The Marshall Islands will be the focus of a three-day National Oceans Summit in April to develop this western Pacific’s first policy governing sustainable use of its marine resources and expansive exclusive economic zone.
The Marshall Islands Marine Resources Authority (MIMRA) is hosting the event, which is aiming to involve everyone from leaders to students in talks, exhibitions and activities related to developing a sustainable oceans policy for the nation.
“We have bits and pieces (of a policy), but we need a holistic national policy on oceans,” said MIMRA Director Glen Joseph. “This is a ‘bottom up’ approach through our ‘Reimanlok’ (looking to the future) process with community consultations. We want an oceans policy that reflects how we do it and who we are as global citizens.”
While the Marshall Islands has been gaining valuable ideas and information from neighbouring island countries about policies and action plans being implemented in the region, Joseph made the point: “One size doesn’t fit all.”
“We want to empower ownership and responsibility for our oceans,” he added.
The bigger picture for the Oceans Summit, set for April 3-5 in Majuro, is to help establish the policy to “frame where we are going within the regional and international framework.”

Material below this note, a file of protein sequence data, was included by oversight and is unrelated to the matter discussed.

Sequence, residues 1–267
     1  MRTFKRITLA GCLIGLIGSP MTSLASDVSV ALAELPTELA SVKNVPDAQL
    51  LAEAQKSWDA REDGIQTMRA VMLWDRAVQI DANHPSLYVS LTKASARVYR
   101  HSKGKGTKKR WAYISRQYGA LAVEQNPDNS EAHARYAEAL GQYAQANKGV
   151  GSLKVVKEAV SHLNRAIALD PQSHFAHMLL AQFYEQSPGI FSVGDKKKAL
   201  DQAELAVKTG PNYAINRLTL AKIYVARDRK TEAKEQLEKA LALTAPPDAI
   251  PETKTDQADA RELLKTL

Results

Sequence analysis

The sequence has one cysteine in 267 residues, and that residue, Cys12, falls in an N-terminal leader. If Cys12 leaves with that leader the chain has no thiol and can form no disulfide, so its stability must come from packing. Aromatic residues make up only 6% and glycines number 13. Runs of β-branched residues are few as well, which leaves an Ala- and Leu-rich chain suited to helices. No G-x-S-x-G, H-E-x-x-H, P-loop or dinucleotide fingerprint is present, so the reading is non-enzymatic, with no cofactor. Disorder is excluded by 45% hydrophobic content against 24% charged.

The Marshalls’ capital Majuro has developed into the world’s busiest tuna transshipment port, and management of the purse seine tuna industry is expected to net the Marshall Islands US$25 million this year in revenue, a more than five-fold increase since 2010. But local fisheries development remains in its infancy, as MIMRA works with remote outer island communities to develop conservation management plans.
Joseph said there are plenty of international resources available to support sustainable management and development of marine resources. “We do need international resources, but we have to have our house in order first to engage effectively,” he said. “The Summit will take a crack at developing our national policy for sustaining our future.”
Joseph warned that action is needed to take care of the Marshall Islands’ marine resources. “It won’t get better (by themselves),” he said. “If there is no plan to protect our oceans, we are risking our future.”.
SOURCE: MARIANAS VARIETY/PACNEWS